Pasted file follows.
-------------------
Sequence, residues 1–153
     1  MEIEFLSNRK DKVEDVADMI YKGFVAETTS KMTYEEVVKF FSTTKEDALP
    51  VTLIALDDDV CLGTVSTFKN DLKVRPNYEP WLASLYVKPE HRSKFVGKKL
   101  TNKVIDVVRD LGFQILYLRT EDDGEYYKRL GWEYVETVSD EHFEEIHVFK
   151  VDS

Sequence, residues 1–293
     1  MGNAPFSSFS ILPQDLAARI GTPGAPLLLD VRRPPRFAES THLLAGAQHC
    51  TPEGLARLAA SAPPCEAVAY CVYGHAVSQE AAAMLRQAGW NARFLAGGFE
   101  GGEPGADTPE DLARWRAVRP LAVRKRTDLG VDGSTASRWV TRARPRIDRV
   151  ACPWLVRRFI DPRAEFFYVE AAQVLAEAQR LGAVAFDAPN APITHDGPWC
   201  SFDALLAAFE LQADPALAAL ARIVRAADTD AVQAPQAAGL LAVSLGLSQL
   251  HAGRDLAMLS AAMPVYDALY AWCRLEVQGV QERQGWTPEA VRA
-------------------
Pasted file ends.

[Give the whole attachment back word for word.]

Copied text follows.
Sequence, residues 1–153
     1  MEIEFLSNRK DKVEDVADMI YKGFVAETTS KMTYEEVVKF FSTTKEDALP
    51  VTLIALDDDV CLGTVSTFKN DLKVRPNYEP WLASLYVKPE HRSKFVGKKL
   101  TNKVIDVVRD LGFQILYLRT EDDGEYYKRL GWEYVETVSD EHFEEIHVFK
   151  VDS

Sequence, residues 1–293
     1  MGNAPFSSFS ILPQDLAARI GTPGAPLLLD VRRPPRFAES THLLAGAQHC
    51  TPEGLARLAA SAPPCEAVAY CVYGHAVSQE AAAMLRQAGW NARFLAGGFE
   101  GGEPGADTPE DLARWRAVRP LAVRKRTDLG VDGSTASRWV TRARPRIDRV
   151  ACPWLVRRFI DPRAEFFYVE AAQVLAEAQR LGAVAFDAPN APITHDGPWC
   201  SFDALLAAFE LQADPALAAL ARIVRAADTD AVQAPQAAGL LAVSLGLSQL
   251  HAGRDLAMLS AAMPVYDALY AWCRLEVQGV QERQGWTPEA VRA